Business law Case Study Example | Topics and Well Written Essays - 500 words - 2

Business law - Case Study Example Based on the second case, Buchanan County and Davis also committed negligent retention of Batz as an employee despite several complaints of misconduct against him (Batz). Evidence presented in the second case included recommendations by Lieutenant Furness, to Davis, proposing termination of Batz as a canine handler. Evidence by Captain Hepke also proposed disciplinary actions against Batz. Davis disregarded all the complaints about Batz as submitted by different parties. On the first instance, a jury returned a ruling that favored Kiesau and offered her $ 160, 000 as compensation. For the second instance, the court ruled against Kiesau by dismissing the negligent supervision and retention claims against Buchanan County & Davis. Argument: Under the laws on negligent hiring and retention applicable in Iowa State, Buchanan County & Davis, were liable for wrongful conduct by facilitating Bazt’s tortious actions through failure to act on several recommendations and complaints. Issues: Were the Republic of France and the French lines liable for the resultant injuries owing to obvious laxity in rules and regulation on smoking at the port loading and offloading bay backing constitution of approximate cause? Rule: If the subsequent action, force, or occurrences that are evident as direct contributors to the injuries suffered by the plaintiff were not probable, many juries hold that it is an intervening cause. Subsequently it pardons the defendant of liability from dangers that trace back directly from the superseding cause. Complainant the US government reason that the French cargo ship crew did not task up, the complainant argue that the crew should have foreseen risk of explosion from the transported FGAN, which is in normal regulations set by the governing bodies on transportation of hazardous materials deem fire hazard. The ammonium nitrate gas is explosive if exposed to combusting materials. With this knowledge,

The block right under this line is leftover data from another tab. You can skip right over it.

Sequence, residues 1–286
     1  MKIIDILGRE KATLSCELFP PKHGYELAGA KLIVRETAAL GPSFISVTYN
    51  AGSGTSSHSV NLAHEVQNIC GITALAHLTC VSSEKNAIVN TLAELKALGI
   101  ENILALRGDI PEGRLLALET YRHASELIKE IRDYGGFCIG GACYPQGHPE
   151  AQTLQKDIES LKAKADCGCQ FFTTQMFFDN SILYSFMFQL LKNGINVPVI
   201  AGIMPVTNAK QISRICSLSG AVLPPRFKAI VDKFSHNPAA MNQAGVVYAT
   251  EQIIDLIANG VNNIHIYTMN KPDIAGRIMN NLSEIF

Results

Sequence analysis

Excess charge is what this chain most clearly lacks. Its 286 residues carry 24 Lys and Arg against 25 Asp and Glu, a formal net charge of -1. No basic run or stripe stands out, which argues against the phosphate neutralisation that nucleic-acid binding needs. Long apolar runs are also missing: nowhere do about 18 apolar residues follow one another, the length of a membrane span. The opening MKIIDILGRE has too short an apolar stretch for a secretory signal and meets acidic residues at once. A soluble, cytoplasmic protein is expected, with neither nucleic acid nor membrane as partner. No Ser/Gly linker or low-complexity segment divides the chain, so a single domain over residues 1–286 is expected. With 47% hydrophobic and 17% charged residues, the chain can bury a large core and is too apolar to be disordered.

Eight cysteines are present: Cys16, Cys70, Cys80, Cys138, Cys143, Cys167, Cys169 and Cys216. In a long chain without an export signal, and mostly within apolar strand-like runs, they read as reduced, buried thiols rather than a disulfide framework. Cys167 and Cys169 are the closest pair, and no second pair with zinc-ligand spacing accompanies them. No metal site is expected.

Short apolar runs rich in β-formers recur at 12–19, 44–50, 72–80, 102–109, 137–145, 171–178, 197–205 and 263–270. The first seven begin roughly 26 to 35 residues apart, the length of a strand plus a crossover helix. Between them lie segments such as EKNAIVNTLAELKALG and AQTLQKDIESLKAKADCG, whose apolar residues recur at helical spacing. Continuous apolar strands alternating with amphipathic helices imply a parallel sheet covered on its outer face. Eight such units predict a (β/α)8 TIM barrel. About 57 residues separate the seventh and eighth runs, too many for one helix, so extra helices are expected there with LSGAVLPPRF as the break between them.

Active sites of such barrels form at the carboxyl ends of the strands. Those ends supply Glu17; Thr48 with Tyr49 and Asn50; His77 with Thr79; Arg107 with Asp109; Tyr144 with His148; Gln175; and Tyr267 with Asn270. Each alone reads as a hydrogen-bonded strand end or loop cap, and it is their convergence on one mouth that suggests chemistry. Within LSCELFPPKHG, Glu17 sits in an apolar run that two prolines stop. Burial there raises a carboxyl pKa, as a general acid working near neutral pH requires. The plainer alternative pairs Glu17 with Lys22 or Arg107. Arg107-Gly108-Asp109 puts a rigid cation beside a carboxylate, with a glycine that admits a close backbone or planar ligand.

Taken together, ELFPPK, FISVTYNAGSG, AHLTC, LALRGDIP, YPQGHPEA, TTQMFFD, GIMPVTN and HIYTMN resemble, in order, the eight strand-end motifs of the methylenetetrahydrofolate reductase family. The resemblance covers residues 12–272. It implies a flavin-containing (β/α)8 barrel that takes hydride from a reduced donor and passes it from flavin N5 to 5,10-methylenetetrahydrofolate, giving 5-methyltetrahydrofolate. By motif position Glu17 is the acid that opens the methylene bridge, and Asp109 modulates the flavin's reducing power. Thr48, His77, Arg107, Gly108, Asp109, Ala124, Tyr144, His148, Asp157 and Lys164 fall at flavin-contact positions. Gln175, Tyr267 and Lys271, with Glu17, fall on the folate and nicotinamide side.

Thursday, September 26, 2019

Stage 2 Essay Example | Topics and Well Written Essays - 750 words

Stage 2 - Essay Example One of the requirements of this response is that the database must be regularly updated upon arrival of a new customer. Employees should also provide time and day when they can offer the best to customers. This process of linking customers and employee is facilitated by Myra just by a click of button leading to direct contact of top management and clients. Donald H. Sheldon (2006) notes that, â€Å"No role that is important to ensure success of a master scheduling than that of top management.† In conclusion, UMUC haircut is transforming organization input to output using business processes to develop a scheduling system. Waite (2008) observed that this conversion leads to effective and efficient customer needs satisfaction. In addition to this, UMUC haircut customers can be sent personalized messages using phone number and notified on the availability of the service. According to Turaban, Volonino and Wood (2013), the use of recent technology such as tablets and ipads has contributed to fast reporting process and cost cutting of expenses broadband. This will highly contribute to the reduction of customer delays in premises resulting to attraction of more customers thus leading to a competitive

Geology Volcanoes&Earthquake Assignment21 Assignment